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Martian Child

The Boy Who Fell To Earth

In Martian Child, John Cusack plays a grieving widower, David, who finds himself gravitating towards an eccentric young orphan, Dennis, who spends most of his waking hours outside hiding in a cardboard box. To boot, Dennis (Bobby Coleman) also thinks he’s from Mars. Fortunately, David’s a bit eccentric himself and has a gift for writing science fiction, so this odd match just may have some potential. Can humans and Martians coexist? Is a human father really capable of raising a Martian son?

As far as human fathers go, you could do worse than John Cusack. His turn as a grieving widower is believable enough without being overwrought. Then again, Cusack brings an air of authenticity to just about every role. The one challenge with Cusack’s performance is the rapid change of heart he has about adopting a child. Initially reluctant and apprehensive, it seems all David needs is some time to stare at photos of his deceased wife to make an abrupt about face.

Enter the eccentric young Dennis. David deserves kudos from the get go for coaxing Dennis out of his cardboard box. Slathered with SPF 45 and a pair of dark sunglasses, Dennis seems almost human. If only he could be weaned off his habit of taking Polaroids constantly and wearing a "weight belt" to account for Earth’s weak gravity. Bobby Coleman equals (if not exceeds) Cusack’s performance bringing an otherworldliness and pathos to his role as the orphaned (and clearly damaged) Dennis.

What director Menno Meyjes has delivered in Martian Child is in some respects a pre-pubescent version of K-Pax. The problem for anyone watching Martian Child who has already seen K-Pax is you pretty much know from the get go how things are going to turn out. Despite some of Dennis’ seeming remarkable abilities, you can never really believe the whole "Martian child" bit is anything more than an elaborately constructed defense mechanism (and it’s pretty much stated explicitly in the film).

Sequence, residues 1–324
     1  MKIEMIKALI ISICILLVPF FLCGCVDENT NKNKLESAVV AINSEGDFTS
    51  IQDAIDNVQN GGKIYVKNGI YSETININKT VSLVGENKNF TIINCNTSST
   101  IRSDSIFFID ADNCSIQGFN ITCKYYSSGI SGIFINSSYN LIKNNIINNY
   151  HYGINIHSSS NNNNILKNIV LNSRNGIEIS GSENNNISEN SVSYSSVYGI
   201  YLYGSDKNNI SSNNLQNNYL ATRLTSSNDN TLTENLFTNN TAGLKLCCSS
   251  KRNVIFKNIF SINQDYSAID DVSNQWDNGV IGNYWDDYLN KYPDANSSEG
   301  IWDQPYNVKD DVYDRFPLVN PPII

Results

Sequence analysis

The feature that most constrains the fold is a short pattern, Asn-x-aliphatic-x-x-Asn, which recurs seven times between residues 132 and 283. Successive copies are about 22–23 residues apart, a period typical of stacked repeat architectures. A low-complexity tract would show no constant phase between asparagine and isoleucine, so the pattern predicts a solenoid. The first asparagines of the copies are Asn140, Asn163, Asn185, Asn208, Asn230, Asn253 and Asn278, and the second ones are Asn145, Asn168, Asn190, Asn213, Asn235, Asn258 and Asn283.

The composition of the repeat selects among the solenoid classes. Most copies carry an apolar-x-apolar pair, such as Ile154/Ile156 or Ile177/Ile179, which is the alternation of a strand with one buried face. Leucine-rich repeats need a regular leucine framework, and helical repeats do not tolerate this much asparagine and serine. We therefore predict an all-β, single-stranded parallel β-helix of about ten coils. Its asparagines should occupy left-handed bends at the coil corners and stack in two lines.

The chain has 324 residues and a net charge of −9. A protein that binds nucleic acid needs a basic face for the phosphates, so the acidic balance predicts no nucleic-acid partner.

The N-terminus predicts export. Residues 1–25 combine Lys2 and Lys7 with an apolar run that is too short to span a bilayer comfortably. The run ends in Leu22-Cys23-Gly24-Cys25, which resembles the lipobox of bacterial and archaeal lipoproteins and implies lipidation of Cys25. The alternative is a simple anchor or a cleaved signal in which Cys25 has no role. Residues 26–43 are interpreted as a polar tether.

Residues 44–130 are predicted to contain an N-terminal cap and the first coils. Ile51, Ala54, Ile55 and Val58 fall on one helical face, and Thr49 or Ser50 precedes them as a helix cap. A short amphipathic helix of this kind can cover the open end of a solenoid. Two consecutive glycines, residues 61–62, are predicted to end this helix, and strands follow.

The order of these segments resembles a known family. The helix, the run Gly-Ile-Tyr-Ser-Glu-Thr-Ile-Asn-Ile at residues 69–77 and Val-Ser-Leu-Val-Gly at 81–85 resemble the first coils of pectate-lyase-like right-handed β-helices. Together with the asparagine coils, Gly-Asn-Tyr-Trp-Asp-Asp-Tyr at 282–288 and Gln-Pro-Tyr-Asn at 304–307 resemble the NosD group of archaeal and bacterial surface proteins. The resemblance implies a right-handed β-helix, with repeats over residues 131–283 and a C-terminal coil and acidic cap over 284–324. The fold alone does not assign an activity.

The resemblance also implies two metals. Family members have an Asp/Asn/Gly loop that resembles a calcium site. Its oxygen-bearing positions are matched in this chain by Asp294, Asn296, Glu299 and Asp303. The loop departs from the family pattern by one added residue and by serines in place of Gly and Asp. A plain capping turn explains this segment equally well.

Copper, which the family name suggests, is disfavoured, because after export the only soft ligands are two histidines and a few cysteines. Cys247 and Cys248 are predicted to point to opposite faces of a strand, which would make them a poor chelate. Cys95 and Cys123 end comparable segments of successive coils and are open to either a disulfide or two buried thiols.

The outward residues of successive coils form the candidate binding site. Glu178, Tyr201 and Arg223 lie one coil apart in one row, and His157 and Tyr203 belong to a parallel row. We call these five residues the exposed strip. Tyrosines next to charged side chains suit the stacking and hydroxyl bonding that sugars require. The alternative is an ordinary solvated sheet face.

The kind of behavior Dennis exhibits is at times quite troubling and indicative of problems that nothing short of years of therapy might address. Thus, Dennis’ rapid transformation into someone who seems more like a normally socialized child is a bit problematic and makes it more than challenging to suspend disbelief. David’s a good father, but he’s no miracle worker.

In the end, it is the absence of any surprises and the abundance of formulaic clichés that prevents Martian Child from being anything more than a vaguely charming drama about a widower and an orphan looking for a family. If it weren’t for the solid performances (and chemistry) of Cusack and Coleman, there would be very little to recommend in this film.

Rating: 3 out of 5 stars